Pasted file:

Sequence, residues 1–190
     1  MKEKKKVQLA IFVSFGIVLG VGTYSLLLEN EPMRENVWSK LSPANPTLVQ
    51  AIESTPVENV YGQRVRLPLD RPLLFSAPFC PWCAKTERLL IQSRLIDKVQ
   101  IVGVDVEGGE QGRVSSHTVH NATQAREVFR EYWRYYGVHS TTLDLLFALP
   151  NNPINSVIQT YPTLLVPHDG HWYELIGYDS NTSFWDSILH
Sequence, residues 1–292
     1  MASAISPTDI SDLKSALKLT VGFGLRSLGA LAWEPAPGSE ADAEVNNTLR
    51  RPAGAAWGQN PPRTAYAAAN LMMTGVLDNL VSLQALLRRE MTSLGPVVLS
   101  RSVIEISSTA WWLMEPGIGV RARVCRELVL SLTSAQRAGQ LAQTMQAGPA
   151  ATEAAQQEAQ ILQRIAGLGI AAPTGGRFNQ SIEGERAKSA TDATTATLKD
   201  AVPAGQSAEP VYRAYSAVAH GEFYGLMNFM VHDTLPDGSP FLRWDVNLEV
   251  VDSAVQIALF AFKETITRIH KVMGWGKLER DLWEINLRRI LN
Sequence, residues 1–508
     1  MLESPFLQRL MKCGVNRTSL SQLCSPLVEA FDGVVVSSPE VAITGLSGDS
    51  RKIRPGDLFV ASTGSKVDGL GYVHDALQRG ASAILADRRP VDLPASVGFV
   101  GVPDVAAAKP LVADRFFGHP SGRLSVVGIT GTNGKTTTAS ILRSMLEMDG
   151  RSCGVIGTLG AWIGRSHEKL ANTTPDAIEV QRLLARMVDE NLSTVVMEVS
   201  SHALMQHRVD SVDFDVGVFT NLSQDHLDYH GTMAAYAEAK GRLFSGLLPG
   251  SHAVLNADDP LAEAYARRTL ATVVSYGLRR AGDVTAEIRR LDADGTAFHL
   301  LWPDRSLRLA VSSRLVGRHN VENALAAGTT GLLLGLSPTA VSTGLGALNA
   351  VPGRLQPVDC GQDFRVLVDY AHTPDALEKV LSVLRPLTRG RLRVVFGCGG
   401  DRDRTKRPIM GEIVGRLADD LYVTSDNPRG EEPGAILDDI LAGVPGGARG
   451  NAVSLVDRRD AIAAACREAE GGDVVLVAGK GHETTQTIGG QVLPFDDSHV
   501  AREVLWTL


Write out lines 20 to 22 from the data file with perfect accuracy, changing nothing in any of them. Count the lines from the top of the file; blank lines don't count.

   301  LWPDRSLRLA VSSRLVGRHN VENALAAGTT GLLLGLSPTA VSTGLGALNA
   351  VPGRLQPVDC GQDFRVLVDY AHTPDALEKV LSVLRPLTRG RLRVVFGCGG
   401  DRDRTKRPIM GEIVGRLADD LYVTSDNPRG EEPGAILDDI LAGVPGGARG